A tenant leases a residential or commercial space with the intention of using that space for a certain purpose that is stated in the lease. For example, people often rent apartments as places to live and commercial space for their office or store. The purpose of the rental is usually specified in the written lease contract and the law provides tenants with the right to occupy the rented space for the intended purpose without undue interference from the landlord. This is known as the tenant’s right to quiet enjoyment of the property.
The definition of quiet enjoyment is significantly different from state to state and from situation to situation but usually has little to do with noise or enjoyment. Generally, a tenant’s right to quiet enjoyment allows a tenant to use and enjoy the premises without substantial disturbances. For example, a landlord cannot rent the same space to two different tenants simultaneously and a landlord cannot ignore problems in the heating system during the winter months that prevent tenants from turning on the heat. Either of these situations would prevent a tenant from enjoying the benefits of the lease contract and may present a constructive eviction since the leased property would be unusable.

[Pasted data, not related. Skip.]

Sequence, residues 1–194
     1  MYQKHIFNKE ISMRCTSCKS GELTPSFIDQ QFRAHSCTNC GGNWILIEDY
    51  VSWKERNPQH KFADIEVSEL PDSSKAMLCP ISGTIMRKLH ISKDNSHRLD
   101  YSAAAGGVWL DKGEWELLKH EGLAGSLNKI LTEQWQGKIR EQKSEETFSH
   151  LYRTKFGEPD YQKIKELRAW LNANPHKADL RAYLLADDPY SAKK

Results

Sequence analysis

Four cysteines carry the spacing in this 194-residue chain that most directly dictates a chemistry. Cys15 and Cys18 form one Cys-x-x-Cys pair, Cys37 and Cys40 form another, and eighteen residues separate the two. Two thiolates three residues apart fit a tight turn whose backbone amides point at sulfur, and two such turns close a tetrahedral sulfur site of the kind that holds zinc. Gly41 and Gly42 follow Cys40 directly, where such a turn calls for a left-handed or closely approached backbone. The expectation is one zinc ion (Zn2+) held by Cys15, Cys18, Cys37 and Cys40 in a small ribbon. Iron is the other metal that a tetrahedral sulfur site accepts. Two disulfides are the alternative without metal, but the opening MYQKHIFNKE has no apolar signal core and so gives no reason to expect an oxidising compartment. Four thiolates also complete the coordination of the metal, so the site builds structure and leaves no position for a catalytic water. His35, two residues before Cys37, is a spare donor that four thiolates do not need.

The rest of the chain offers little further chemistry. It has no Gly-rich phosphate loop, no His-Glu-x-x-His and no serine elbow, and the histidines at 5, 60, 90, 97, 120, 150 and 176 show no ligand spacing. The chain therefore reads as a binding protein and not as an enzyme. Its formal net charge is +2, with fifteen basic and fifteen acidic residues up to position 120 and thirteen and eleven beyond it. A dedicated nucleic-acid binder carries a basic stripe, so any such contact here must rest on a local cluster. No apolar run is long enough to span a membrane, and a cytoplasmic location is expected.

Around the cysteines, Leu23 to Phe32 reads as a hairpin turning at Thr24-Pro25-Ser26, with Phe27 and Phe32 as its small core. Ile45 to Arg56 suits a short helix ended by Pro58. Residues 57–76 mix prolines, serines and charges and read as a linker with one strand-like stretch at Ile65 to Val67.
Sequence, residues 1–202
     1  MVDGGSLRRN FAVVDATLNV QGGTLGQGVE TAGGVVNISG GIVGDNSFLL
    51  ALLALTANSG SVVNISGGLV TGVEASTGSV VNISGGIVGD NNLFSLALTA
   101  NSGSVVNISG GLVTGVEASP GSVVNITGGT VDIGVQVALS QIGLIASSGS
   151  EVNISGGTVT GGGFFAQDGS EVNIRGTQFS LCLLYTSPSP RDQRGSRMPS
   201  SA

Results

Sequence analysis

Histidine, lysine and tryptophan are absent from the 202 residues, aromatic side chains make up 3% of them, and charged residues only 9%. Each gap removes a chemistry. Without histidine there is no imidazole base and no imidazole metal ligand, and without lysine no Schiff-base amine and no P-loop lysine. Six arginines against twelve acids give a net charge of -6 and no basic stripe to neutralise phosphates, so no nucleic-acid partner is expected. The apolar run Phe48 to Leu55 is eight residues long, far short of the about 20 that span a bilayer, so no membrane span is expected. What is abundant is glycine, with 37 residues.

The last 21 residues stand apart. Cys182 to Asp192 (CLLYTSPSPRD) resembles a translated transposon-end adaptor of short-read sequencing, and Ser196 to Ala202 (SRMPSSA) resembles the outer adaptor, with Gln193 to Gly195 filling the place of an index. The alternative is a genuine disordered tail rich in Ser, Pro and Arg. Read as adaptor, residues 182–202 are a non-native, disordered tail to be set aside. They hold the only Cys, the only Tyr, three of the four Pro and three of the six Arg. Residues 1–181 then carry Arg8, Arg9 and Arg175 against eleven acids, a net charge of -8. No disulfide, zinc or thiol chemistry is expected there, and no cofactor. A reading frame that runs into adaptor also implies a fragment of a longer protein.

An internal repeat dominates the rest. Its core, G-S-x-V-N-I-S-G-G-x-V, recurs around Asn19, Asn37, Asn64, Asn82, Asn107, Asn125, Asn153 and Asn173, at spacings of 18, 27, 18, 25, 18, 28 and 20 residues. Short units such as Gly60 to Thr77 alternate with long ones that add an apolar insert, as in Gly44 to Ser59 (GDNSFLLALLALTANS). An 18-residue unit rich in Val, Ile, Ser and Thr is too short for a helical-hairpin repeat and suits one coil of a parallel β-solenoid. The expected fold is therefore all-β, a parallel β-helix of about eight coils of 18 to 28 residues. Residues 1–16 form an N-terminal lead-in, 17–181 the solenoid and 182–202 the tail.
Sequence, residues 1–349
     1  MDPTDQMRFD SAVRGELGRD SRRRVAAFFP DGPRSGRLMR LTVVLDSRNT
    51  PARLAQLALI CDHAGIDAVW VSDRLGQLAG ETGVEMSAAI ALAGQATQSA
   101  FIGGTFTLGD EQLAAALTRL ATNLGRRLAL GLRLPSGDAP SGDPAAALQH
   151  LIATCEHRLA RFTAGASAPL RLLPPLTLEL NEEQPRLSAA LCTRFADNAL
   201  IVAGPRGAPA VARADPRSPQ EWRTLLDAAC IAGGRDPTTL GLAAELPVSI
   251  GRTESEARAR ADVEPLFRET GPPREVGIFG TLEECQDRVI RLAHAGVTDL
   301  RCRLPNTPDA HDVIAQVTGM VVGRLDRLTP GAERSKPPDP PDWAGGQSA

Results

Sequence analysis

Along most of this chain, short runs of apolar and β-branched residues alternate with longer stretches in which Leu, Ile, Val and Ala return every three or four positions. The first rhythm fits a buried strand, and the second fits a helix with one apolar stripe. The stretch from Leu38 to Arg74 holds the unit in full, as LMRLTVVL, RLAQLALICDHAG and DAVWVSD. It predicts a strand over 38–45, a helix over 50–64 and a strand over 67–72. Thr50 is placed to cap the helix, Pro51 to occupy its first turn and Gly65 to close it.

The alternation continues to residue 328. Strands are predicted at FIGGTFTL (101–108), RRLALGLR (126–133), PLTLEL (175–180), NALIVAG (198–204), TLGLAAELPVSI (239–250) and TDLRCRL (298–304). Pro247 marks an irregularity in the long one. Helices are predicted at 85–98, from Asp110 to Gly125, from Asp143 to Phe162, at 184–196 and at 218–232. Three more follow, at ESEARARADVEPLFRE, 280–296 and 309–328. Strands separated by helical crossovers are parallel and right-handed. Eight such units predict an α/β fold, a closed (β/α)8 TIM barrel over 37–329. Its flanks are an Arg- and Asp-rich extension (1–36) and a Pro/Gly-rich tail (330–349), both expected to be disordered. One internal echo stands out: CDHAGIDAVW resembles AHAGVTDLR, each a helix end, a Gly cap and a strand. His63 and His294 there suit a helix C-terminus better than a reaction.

Does a Tenant Have the Right to Abandon a Lease Because of a Lack of Quiet Enjoyment?
If a tenant has been denied the right to quiet enjoyment then the tenant may have a legally valid reason to end the lease early. However, it is usually beneficial to inform the landlord in writing of the specific problems and allow the landlord a reasonable time to rectify the situation. If the landlord fails to take the necessary action then, in some states, the tenant has the right to move out. The tenant can argue that the landlord’s failure to provide the tenant with his right to quiet enjoyment of the leased property resulted in a constructive eviction. If the landlord sues the tenant for breaking the lease then a court may find that the tenant was a victim of a constructive eviction and require the landlord to pay the tenant’s moving expenses and attorney’s fees. However, if the court finds that the tenant’s right to quiet enjoyment was not breached then the tenant may be required to pay the landlord rent from the time of the move until the end of the lease period.
Remember, when state courts consider whether a tenant was constructively evicted from a leased property due to a breach of the covenant of quiet enjoyment the court does not consider, nor care, about the noise level or whether the tenant was enjoying the leased property. Instead, the court is considering whether the premises were habitable and appropriate for the purposes of the lease. Even if the covenant of quiet enjoyment was not breached by the landlord, it is still possible that the landlord has breached the lease in other ways and that the tenant may be entitled to damages or to break the lease. Therefore, it is important to communicate with your landlord and with an attorney in your state if you are having problems with the use or enjoyment of your leased property.
The information on this page is meant to provide a general overview of the law. The laws in your state and/or city may deviate significantly from those described here. If you have specific questions related to your situation you should speak with a local attorney.